February 19, 2014
Fair Funds and Bankruptcy
Posted by Urska Velikonja

Although the SEC has created 236 fair funds, there is one that hogged all of the attention: the WorldCom fair fund. WorldCom filed for bankruptcy protection soon after it revealed a massive accounting fraud back in 2002. The SEC fined the company $2.25 billion and collected, as an unsecured creditor, $750 million from the bankruptcy estate. It then distributed that amount to harmed shareholders through a fair fund. In effect, WorldCom's unsecured creditors ended up compensating its shareholders, turning bankruptcy priority upside down. 

How could this happen? The Bankruptcy Code subordinates shareholders' claims for damages related to securities fraud to claims by the debtor's unsecured creditors. Because bankrupt firms are, by definition, insolvent, the Code effectively precludes equity holders with securities fraud claims from collecting anything from the bankrupt company. As a result, securities class actions against bankrupt companies are ordinarily dismissed. The automatic stay does not preclude the SEC from pursuing an enforcement action agains the bankrupt firm, but stops the SEC from collecting any money judgment. The SEC's claim for civil fine and disgorgement is treated as an unsecured creditor claim and is distributed pro rata, along with other unsecured creditors. However, the Bankruptcy Code does not preclude the SEC from distributing monetary sanctions collected from the bankrupt company to defrauded shareholders. The ultimate result is that unsecured creditors recover less in bankruptcy, while shareholders receive more than they would without the fair fund provision.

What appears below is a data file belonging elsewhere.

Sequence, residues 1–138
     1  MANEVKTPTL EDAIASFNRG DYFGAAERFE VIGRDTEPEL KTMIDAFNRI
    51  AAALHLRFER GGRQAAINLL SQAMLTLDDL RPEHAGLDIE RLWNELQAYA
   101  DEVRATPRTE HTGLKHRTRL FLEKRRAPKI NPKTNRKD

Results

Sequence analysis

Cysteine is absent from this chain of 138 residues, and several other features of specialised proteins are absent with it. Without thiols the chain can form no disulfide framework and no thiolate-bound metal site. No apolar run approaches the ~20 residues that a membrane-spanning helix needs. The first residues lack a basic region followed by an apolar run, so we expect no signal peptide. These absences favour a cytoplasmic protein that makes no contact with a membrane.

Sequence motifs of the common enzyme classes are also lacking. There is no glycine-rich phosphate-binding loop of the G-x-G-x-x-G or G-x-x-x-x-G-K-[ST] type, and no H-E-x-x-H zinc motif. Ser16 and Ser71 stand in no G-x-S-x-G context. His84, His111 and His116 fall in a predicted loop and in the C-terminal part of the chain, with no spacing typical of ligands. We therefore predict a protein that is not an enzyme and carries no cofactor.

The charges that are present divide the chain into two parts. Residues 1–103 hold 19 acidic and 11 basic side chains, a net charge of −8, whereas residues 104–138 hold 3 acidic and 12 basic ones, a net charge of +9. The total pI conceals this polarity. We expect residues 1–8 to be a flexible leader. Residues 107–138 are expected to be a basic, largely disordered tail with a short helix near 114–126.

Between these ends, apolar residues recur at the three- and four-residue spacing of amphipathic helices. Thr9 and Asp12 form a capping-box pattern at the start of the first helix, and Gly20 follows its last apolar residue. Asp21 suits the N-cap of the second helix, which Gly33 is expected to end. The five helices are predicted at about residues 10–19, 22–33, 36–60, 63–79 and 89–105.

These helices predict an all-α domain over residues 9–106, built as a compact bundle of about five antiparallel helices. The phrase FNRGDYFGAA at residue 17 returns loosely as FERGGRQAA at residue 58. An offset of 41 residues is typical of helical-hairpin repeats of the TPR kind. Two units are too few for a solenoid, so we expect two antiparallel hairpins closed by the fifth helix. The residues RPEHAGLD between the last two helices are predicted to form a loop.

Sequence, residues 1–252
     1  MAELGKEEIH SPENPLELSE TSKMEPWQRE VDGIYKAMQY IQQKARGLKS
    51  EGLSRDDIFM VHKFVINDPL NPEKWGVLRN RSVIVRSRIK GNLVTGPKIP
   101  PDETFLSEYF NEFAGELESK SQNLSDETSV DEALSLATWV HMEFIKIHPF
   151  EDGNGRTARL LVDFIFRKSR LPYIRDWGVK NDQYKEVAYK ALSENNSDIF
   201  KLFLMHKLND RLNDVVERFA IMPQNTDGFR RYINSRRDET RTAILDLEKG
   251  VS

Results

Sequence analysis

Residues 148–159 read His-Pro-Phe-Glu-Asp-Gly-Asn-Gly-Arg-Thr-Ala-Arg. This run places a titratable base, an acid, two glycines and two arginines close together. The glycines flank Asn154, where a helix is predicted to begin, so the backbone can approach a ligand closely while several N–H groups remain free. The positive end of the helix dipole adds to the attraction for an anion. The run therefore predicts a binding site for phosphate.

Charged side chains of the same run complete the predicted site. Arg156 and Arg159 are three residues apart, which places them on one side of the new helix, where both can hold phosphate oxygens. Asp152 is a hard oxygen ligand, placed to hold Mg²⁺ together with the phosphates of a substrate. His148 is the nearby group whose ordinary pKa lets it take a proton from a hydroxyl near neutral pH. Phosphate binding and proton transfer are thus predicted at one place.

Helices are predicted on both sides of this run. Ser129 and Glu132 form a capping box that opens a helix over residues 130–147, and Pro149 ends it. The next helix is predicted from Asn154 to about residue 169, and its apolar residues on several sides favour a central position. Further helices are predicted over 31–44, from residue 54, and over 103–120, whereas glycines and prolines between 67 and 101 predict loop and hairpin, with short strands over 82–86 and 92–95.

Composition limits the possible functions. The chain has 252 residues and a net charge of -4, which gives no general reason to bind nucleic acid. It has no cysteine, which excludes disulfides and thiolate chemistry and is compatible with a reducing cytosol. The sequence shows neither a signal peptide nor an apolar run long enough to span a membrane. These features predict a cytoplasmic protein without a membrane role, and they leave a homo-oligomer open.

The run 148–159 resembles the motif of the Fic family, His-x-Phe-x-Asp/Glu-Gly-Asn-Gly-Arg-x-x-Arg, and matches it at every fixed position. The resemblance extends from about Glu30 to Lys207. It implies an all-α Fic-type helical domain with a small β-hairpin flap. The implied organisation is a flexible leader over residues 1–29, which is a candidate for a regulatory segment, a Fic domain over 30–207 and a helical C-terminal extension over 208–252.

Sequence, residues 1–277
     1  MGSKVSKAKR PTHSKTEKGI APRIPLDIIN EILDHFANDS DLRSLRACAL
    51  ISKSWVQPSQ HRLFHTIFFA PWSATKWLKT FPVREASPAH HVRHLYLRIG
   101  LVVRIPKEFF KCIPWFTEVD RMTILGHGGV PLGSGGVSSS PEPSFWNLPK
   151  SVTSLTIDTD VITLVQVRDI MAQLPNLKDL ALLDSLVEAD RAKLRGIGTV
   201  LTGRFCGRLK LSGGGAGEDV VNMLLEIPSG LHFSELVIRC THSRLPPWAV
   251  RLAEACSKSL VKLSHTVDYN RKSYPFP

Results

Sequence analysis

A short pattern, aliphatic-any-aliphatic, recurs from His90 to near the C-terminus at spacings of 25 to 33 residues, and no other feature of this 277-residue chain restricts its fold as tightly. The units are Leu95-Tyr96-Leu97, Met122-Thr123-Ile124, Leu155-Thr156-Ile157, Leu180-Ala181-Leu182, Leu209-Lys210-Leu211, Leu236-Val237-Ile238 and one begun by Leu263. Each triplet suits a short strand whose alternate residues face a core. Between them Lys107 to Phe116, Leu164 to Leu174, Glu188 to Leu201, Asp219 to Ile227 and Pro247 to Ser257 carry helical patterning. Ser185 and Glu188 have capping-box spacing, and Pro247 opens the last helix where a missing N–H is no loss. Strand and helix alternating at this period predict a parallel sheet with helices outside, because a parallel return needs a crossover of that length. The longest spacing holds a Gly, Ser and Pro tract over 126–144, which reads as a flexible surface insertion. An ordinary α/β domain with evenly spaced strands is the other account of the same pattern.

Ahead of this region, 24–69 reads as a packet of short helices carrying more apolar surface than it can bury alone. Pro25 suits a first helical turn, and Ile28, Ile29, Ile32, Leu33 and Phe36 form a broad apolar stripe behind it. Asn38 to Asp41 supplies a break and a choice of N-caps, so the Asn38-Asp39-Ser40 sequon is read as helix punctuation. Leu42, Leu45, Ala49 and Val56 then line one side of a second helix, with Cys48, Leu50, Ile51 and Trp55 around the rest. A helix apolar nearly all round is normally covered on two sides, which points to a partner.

This result upset many, in particular since bankruptcy filings are not uncommon among companies subject to enforcement proceedings for securities violations. But as it turns out, WorldCom is the exception, not the rule for fair fund distributions. 31 companies that were primary defendants in my fair funds study filed for bankruptcy within 2 years of the SEC's enforcement action. Of those, 16 were in accounting fraud cases where priority conflicts between creditors and shareholders are particularly likely (others were unregistered offerings of securities, where defrauded investors are the creditors). The SEC imposed a monetary penalty against the company and distributed it to defrauded shareholders through a fair fund in only 2 such cases: WorldCom and Nortel Networks. All other bankrupt companies either paid nothing to settle with the SEC or the SEC did not even initiate an enforcement action against them. Nortel paid $35 million to the SEC 14 months before it filed for bankruptcy. While its payment may have reduced unsecured creditors' ultimate recoveries, it did so far less directly than in WorldCom. 

Instead of targeting companies, the SEC targeted individual defendants, auditors and investment banks when the primary defendant was bankrupt. It collected $280 million from individuals and $492 million from secondary defendants, and distributed these amounts to shareholders through a fair fund. While the WorldCom fair fund cast a dark shadow over the SEC's distribution efforts, it is the exception, not the rule. It also demonstrates the relative flexibility of public securities enforcement compared with private securities litigation. 

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